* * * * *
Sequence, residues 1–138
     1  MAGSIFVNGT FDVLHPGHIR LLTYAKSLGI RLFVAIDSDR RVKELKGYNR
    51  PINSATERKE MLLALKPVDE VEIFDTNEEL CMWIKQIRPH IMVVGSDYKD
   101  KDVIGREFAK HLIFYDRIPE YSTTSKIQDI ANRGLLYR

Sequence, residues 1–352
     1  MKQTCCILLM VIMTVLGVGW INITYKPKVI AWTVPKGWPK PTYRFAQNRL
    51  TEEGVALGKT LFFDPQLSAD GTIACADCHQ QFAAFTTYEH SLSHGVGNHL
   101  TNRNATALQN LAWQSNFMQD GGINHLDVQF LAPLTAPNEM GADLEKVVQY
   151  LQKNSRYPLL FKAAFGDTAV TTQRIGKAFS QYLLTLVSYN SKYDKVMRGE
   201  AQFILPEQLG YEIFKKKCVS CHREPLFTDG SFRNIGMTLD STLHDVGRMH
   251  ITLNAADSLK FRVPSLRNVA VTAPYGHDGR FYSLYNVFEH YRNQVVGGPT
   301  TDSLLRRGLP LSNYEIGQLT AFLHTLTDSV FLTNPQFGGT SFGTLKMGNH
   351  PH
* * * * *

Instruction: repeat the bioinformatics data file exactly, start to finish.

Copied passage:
Sequence, residues 1–138
     1  MAGSIFVNGT FDVLHPGHIR LLTYAKSLGI RLFVAIDSDR RVKELKGYNR
    51  PINSATERKE MLLALKPVDE VEIFDTNEEL CMWIKQIRPH IMVVGSDYKD
   101  KDVIGREFAK HLIFYDRIPE YSTTSKIQDI ANRGLLYR

Sequence, residues 1–352
     1  MKQTCCILLM VIMTVLGVGW INITYKPKVI AWTVPKGWPK PTYRFAQNRL
    51  TEEGVALGKT LFFDPQLSAD GTIACADCHQ QFAAFTTYEH SLSHGVGNHL
   101  TNRNATALQN LAWQSNFMQD GGINHLDVQF LAPLTAPNEM GADLEKVVQY
   151  LQKNSRYPLL FKAAFGDTAV TTQRIGKAFS QYLLTLVSYN SKYDKVMRGE
   201  AQFILPEQLG YEIFKKKCVS CHREPLFTDG SFRNIGMTLD STLHDVGRMH
   251  ITLNAADSLK FRVPSLRNVA VTAPYGHDGR FYSLYNVFEH YRNQVVGGPT
   301  TDSLLRRGLP LSNYEIGQLT AFLHTLTDSV FLTNPQFGGT SFGTLKMGNH
   351  PH